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July 7, 2006

The Devil's in the Details

Chrysler is currently offering a 30-day return program on all their new vehicles and advertising the hell out of it: if you try one of their vehicles and decide you don't like it, hey, bring it back!

The fine print pretty much kills it, though.

Right out of the block, you don't qualify if you're trading in. That should skim half the potential customers off the top easily.

Beyond that, though, you get to pay a restocking fee of 5% of the MSRP (not what you paid, but the sticker price—and consider that some models are selling for $10,000 below MSRP right now!) and 50 cents per mile driven.

Just for giggles and to provide numbers, I configured a 2006 Jeep Grand Cherokee Laredo to reflect what I would buy. The MSRP came out to $34,227. My restocking fee alone would be $1,711.35, regardless of the fact I could probably buy that vehicle for $25,000.

This being the Valley, let's assume I commute to and from central Phoenix every day, at a round-trip distance of 40 miles. Again, being Phoenix, let's assume there's a Jeep dealership within 5 miles of me (in my case, there actually is).

Simply by driving off the dealer's lot to my home, I already owe $2.50. After a week of commuting, I owe $105 if I choose to return the vehicle (a total of $1806.35 in return fees). And that's assuming I do nothing but drive straight to work and straight home. But we've got 30 days to make up our mind... what do we owe if we keep it for a month?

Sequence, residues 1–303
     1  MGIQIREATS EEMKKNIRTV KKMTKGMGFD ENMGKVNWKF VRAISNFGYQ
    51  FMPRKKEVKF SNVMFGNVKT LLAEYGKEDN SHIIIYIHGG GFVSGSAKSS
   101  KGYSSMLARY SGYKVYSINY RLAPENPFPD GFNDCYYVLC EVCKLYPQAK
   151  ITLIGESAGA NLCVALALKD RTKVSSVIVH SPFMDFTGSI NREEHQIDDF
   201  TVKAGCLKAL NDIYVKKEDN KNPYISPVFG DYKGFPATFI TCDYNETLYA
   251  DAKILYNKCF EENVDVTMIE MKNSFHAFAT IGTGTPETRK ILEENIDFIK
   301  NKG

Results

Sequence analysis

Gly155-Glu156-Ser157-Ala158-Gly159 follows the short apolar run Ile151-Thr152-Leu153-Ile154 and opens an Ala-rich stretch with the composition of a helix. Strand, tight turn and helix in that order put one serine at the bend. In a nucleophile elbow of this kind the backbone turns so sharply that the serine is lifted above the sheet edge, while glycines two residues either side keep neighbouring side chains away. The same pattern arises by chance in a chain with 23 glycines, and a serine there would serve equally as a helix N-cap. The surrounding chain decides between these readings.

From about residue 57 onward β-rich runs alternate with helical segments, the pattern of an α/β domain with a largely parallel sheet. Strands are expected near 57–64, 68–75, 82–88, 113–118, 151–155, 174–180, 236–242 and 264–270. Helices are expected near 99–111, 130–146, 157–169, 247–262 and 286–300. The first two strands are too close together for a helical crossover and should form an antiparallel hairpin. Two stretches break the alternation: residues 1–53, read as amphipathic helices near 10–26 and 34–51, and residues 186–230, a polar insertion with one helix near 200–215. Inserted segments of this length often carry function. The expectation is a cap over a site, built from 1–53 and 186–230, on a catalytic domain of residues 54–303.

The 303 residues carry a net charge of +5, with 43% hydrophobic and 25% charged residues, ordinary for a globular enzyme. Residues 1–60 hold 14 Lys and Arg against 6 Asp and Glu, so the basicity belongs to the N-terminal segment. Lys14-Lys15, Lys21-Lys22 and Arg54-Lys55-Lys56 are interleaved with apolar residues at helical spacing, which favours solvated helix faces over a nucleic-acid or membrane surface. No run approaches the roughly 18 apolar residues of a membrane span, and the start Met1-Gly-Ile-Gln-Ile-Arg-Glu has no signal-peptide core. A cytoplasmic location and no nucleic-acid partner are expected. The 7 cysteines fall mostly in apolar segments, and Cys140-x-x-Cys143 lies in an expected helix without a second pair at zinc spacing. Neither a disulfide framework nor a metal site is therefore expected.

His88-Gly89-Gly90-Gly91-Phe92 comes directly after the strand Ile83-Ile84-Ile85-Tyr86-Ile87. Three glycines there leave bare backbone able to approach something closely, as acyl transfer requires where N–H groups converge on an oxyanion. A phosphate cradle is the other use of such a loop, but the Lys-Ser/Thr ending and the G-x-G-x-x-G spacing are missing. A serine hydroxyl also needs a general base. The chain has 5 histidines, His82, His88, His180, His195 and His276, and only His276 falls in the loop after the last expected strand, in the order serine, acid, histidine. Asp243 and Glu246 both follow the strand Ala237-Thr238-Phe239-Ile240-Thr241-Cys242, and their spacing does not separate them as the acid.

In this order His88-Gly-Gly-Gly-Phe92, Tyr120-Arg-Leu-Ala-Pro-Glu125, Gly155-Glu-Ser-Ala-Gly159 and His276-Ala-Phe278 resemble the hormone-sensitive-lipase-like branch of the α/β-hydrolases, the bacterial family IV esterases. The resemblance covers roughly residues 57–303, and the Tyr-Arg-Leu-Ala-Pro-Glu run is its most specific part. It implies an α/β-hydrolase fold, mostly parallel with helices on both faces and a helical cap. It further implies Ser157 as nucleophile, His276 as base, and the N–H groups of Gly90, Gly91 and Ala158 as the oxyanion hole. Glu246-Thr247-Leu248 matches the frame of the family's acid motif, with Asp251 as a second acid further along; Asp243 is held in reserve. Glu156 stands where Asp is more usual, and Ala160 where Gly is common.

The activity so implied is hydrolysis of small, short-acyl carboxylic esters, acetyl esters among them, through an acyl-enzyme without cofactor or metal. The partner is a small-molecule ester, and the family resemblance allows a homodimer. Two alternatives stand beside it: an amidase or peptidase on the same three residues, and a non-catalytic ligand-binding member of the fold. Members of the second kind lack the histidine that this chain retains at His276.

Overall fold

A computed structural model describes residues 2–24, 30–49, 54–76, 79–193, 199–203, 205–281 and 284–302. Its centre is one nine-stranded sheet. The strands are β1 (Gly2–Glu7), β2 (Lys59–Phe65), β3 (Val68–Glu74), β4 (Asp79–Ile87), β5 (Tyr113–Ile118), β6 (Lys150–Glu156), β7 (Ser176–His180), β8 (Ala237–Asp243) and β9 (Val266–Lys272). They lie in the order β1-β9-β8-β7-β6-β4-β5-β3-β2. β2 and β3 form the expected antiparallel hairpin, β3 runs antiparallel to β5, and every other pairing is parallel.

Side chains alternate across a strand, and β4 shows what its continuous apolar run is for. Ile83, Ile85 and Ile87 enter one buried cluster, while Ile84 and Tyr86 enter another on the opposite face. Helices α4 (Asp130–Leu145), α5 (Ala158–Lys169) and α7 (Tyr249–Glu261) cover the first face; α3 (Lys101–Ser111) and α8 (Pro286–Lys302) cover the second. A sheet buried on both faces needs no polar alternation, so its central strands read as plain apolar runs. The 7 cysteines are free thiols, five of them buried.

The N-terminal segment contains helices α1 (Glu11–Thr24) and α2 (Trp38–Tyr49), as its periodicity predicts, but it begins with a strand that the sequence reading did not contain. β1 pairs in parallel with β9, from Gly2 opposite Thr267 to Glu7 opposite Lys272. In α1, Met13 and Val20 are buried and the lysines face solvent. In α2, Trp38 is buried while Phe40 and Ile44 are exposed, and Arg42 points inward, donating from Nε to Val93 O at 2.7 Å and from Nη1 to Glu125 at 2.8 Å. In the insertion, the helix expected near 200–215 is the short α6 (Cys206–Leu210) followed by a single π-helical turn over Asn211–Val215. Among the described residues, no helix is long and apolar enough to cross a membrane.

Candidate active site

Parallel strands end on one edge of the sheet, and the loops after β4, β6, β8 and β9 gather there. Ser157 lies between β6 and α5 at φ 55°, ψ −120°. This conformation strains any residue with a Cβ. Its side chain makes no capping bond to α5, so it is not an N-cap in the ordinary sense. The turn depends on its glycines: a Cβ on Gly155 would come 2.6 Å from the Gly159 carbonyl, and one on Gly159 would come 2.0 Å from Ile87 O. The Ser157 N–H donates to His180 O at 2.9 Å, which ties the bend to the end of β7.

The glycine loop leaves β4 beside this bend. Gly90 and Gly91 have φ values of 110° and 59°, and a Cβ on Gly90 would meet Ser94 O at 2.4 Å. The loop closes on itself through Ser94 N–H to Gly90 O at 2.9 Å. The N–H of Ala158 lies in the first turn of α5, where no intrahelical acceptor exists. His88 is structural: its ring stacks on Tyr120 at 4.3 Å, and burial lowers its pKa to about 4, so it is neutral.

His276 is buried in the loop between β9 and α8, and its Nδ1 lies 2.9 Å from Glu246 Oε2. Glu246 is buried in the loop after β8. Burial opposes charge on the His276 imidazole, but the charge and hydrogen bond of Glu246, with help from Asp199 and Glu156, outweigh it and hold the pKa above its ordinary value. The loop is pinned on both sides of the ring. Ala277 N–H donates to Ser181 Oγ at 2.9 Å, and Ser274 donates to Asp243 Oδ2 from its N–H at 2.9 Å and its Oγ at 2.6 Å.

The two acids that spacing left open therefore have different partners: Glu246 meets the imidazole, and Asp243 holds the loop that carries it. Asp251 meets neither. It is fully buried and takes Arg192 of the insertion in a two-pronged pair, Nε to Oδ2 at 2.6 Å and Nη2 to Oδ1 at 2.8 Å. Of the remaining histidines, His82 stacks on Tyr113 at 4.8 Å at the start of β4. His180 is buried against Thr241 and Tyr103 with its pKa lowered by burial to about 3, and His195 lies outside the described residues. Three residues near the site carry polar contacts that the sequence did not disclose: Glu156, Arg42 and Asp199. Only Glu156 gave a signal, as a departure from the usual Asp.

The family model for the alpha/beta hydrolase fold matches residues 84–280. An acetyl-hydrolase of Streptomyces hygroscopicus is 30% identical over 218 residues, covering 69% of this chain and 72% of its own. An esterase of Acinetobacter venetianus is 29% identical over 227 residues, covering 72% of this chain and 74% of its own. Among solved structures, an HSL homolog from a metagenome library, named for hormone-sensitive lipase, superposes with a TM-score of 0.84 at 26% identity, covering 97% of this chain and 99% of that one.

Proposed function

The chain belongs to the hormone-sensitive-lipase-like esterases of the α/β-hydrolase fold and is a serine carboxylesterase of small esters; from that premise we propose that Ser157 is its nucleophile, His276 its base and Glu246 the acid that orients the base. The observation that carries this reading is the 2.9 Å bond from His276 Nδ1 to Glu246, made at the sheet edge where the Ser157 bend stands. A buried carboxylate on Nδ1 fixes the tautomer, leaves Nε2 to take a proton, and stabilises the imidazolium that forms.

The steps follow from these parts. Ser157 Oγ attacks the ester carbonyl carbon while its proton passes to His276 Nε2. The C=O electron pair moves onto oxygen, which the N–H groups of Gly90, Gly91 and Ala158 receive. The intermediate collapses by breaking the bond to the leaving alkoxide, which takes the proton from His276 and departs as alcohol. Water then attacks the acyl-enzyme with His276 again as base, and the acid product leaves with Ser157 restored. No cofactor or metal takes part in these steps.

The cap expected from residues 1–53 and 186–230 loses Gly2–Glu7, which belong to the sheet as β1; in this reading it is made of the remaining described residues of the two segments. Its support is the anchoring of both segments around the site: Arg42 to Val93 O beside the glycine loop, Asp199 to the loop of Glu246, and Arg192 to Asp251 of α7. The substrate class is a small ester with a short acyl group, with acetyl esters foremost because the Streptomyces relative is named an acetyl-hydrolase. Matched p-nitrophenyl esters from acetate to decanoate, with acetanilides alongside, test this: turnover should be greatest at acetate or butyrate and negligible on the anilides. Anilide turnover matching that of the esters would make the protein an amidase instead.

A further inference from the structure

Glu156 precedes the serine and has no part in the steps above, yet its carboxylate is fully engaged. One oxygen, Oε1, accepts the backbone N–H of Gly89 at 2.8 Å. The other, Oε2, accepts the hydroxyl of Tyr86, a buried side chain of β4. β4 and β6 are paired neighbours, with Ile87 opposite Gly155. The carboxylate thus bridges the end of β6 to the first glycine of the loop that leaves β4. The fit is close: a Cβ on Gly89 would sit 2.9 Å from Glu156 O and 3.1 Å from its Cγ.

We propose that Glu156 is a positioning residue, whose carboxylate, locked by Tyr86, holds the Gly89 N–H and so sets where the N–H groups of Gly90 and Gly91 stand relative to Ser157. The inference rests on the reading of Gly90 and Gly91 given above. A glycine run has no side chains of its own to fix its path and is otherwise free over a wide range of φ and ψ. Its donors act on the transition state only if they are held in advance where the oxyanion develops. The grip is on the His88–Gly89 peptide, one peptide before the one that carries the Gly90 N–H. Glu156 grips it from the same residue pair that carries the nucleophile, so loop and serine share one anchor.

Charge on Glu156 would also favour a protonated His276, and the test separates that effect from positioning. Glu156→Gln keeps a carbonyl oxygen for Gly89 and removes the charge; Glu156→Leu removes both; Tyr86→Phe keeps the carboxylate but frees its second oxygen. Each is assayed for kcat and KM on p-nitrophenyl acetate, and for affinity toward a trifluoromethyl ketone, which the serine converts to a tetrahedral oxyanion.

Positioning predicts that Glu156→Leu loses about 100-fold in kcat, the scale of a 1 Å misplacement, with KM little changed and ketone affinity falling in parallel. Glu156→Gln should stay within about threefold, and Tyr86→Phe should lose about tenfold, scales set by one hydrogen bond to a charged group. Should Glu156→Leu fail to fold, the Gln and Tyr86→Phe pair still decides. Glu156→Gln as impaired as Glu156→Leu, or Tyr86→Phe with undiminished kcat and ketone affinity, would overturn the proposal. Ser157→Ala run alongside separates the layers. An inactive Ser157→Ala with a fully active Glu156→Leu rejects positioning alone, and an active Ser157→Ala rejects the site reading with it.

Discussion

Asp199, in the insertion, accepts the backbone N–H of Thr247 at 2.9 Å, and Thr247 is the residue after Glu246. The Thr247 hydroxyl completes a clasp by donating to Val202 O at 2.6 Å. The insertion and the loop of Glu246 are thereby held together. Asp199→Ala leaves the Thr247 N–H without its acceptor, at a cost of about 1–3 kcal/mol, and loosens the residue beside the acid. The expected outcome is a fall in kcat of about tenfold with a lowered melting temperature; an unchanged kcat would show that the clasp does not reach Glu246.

Taking this month as our example, we've got 20 weekdays and 8 weekends, ignoring partial weeks. 20 days * 40 miles * $0.50 = $400. Let's say that since it's July, I drive up north one weekend, netting me 250 miles round trip—conservative, yes, but I don't want to overinflate the numbers. 250 * $0.50 = $125. We're now at $525 in mileage fees without ever having done groceries, or gone out to dinner, or grabbed a burger, or stopped at Home Depot... To simulate that, I'll throw an an additional 18 miles for each of the remaining weekend days. 18 miles * 6 days * $0.50 = $54.

In our completely plausible simulation, we're now at $569 in mileage fees, for a total return cost of $2,280.35.

For comparison, it costs $250 to rent a Grand Cherokee for a week at Enterprise. To rent it for a whole month is $1254. Maybe it's just me, but that seems like a much more effective way to try out a vehicle than Chrysler's legalized rape approach.

Posted by Colin at July 7, 2006 12:35 PM

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